Monthly Recipe: Mount Fuji

Back in January I received a new cookery bookYo! Sushi – The Japanese Cookbook by Kimiko Barber – and I asked you all which recipe I should make first. Thank you to everyone who voted! Here are the results of the poll:

poll

As you can see, the clear winner was… Mount Fuji! I didn’t give any information about these recipes, just the names, so I’m guessing people voted for Mount Fuji out of curiosity. I have to say, it’s probably the least ‘Japanese’ of the recipes I selected, but it was fun to make and would be a great recipe to keep in mind for a dinner party. So, turning to my lovely new cookery book, I knocked up a couple of Mount Fujis…

Yo! Sushi - The Japanese Cookbook by Kimiko Barber

Yo! Sushi – The Japanese Cookbook by Kimiko Barber

I expect you’re still wondering what exactly a ‘Mount Fuji’ is. Well, it’s a Japanese version of the Italian dessert called Mont Blanc, which is a dessert of puréed, sweetened chestnuts topped with whipped cream. This dessert is actually quite popular in Japan, and I think I’ve eaten it more there than I ever have in the UK. I’ve seen various Japanese takes on it before, using ingredients such as matcha (green tea), adzuki beans and pumpkin.

Mount Fuji

Ingredients (serves 4)

  • 2 egg whites
  • 1 tbsp caster sugar
  • 200ml (7fl oz) mascarpone cheese or soft cream cheese
  • 4 tbsp ready-made adzuki bean jam, plus 4 tsp for decorating
  • 4 ready-made meringue nests (the recipe calls for ready-made nests, but maybe next time I’ll try making my own…)
  • icing sugar for dusting

*Apart from the ‘ready-made adzuki bean jam’, all of the ingredients should be available from your local supermarket (if you’re in the UK or US). I’m not sure if the bean jam I used was really the right sort, but it seemed to work and it tasted great. I bought mine from a local Japanese supermarket called Atariya, but you can also get it at bigger stores like the Japan Centre.

Cooking: Mount Fuji (from Yo! Sushi - The Japanese Cookbook by Kimiko Barber

Method

Whisk the egg whites until stiff peaks form.

Cooking: Mount Fuji (from Yo! Sushi - The Japanese Cookbook by Kimiko Barber

Then gently sprinkle over the sugar and fold it in.

Cooking: Mount Fuji (from Yo! Sushi - The Japanese Cookbook by Kimiko Barber

Little by little, spoon in the mascarpone and fold in gently.

Cooking: Mount Fuji (from Yo! Sushi - The Japanese Cookbook by Kimiko Barber

Place a spoonful of adzuki bean jam in the middle of each meringue nest.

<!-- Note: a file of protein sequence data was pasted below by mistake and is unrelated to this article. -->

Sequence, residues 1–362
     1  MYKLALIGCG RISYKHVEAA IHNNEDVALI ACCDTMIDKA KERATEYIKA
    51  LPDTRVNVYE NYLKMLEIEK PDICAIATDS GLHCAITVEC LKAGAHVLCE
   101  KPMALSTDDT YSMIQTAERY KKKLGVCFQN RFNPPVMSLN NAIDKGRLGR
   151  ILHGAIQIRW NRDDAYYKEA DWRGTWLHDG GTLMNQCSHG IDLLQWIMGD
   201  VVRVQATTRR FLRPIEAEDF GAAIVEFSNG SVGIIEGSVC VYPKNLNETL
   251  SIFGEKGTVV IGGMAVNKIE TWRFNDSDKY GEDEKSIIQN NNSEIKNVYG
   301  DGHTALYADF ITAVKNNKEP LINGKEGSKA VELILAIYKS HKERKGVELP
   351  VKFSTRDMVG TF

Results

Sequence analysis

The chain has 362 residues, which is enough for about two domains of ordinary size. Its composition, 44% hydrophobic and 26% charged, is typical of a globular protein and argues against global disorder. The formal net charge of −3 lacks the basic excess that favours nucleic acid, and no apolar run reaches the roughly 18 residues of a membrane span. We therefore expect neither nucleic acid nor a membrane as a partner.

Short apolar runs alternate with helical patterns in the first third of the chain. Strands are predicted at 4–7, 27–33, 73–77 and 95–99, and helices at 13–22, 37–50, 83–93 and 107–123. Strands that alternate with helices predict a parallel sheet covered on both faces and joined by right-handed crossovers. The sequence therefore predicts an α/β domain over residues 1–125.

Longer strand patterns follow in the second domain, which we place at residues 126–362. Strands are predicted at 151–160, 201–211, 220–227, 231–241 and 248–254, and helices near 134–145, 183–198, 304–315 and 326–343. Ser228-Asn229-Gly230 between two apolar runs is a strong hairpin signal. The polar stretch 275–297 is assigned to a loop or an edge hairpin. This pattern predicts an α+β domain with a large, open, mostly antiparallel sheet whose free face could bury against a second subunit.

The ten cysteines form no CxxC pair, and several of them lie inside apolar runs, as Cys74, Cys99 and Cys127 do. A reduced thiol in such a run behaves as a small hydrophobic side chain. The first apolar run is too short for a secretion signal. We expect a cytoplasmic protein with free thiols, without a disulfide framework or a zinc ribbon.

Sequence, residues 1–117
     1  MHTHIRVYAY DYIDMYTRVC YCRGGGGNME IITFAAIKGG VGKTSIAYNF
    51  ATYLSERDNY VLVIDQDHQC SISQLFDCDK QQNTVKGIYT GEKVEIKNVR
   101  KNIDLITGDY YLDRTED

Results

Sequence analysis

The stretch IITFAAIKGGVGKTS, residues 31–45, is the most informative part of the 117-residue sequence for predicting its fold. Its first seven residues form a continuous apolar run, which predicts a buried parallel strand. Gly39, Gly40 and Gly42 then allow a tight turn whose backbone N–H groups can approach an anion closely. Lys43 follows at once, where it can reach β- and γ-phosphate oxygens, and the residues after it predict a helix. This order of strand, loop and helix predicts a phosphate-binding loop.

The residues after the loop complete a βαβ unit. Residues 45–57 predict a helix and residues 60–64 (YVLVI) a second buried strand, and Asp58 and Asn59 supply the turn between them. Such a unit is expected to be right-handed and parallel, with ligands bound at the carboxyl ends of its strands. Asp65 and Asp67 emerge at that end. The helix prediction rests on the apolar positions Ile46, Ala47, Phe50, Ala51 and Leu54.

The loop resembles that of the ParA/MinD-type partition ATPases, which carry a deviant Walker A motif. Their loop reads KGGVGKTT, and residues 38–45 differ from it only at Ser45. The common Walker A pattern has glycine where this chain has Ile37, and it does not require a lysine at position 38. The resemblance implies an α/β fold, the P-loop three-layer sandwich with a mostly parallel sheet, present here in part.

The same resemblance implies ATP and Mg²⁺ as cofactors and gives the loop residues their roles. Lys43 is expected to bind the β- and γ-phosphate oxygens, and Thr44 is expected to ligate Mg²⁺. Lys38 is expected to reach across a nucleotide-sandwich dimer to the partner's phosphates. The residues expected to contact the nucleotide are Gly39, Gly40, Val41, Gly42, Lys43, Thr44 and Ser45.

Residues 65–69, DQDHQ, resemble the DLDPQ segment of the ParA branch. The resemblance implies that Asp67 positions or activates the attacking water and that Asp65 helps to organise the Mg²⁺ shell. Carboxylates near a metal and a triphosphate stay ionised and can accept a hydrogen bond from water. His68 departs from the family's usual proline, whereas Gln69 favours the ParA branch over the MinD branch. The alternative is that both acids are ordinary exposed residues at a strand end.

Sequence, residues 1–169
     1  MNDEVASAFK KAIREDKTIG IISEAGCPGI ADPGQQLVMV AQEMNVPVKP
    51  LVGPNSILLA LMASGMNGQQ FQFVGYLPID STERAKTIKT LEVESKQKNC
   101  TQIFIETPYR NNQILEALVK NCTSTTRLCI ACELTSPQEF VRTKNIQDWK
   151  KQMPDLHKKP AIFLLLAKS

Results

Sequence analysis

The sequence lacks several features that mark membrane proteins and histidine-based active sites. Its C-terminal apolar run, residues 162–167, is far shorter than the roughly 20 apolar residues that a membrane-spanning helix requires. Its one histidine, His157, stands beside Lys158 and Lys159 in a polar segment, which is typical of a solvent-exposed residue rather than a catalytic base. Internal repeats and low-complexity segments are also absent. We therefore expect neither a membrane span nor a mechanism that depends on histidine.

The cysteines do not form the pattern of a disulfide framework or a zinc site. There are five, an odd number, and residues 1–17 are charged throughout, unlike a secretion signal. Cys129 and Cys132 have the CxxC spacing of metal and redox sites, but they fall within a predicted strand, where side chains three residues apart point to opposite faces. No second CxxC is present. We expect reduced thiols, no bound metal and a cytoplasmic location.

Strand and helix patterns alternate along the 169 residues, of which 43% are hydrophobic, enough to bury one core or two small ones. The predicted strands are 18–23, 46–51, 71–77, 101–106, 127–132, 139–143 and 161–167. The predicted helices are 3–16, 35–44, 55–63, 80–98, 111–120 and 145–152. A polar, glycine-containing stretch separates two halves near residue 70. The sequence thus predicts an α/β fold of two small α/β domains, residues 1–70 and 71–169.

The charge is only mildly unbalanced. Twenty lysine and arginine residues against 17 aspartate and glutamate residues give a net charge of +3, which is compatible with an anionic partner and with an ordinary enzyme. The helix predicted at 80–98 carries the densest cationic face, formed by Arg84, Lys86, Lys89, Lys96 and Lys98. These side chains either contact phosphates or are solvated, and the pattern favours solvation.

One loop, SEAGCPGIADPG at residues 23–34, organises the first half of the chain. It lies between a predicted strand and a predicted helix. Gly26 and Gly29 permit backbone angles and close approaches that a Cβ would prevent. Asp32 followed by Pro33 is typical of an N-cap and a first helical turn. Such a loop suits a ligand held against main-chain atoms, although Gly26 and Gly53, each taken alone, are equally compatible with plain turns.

Cooking: Mount Fuji (from Yo! Sushi - The Japanese Cookbook by Kimiko Barber

Top with the egg and mascarpone mixture.

Cooking: Mount Fuji (from Yo! Sushi - The Japanese Cookbook by Kimiko Barber

Dust with icing sugar, top with a little more adzuki bean jam, and serve.

Cooking: Mount Fuji (from Yo! Sushi - The Japanese Cookbook by Kimiko Barber

So, it kind of looks like my Mount Fuji is erupting, and it may not be the most beautiful dessert, but it sure was tasty! Since making this I’ve had all sorts of ideas about other ingredients I could try, so watch this space!

There are lots of interesting recipes in the Yo! Sushi cookbook, so do expect to see it featured on this blog again later this year! :)

☆★☆

I’ll be back in March with a new recipe. If you have any suggestions, or perhaps you would like me to try one of your recipes from a book or website, please leave a comment below or get in touch! All the recipes I try on this blog have some connection to Japan and, because I don’t eat meat, they need to be vegetarian or pescetarian. I’m particularly interested in helping to promote Japanese recipe books, so do let me know if you have one I might like!

12 thoughts on “Monthly Recipe: Mount Fuji

    • Thank you for your comment and wonderful suggestion! Actually, I just bought that book and was planning to cook something from it soon! (*^_^)v It’s a lovely little book. I’m quite tempted to try the Hittsumijiru…

  1. My personal plan is to try making inarizushi from scratch – including the aburage – some time this year. And vegetable tempura. I’ve also been experimenting with (soy) matcha lattes lately (that would be a pretty easy thing to feature) and I want to find out what adzuki lattes are (a Japanese restaurant in South Kensington had them – will have to give them a try).

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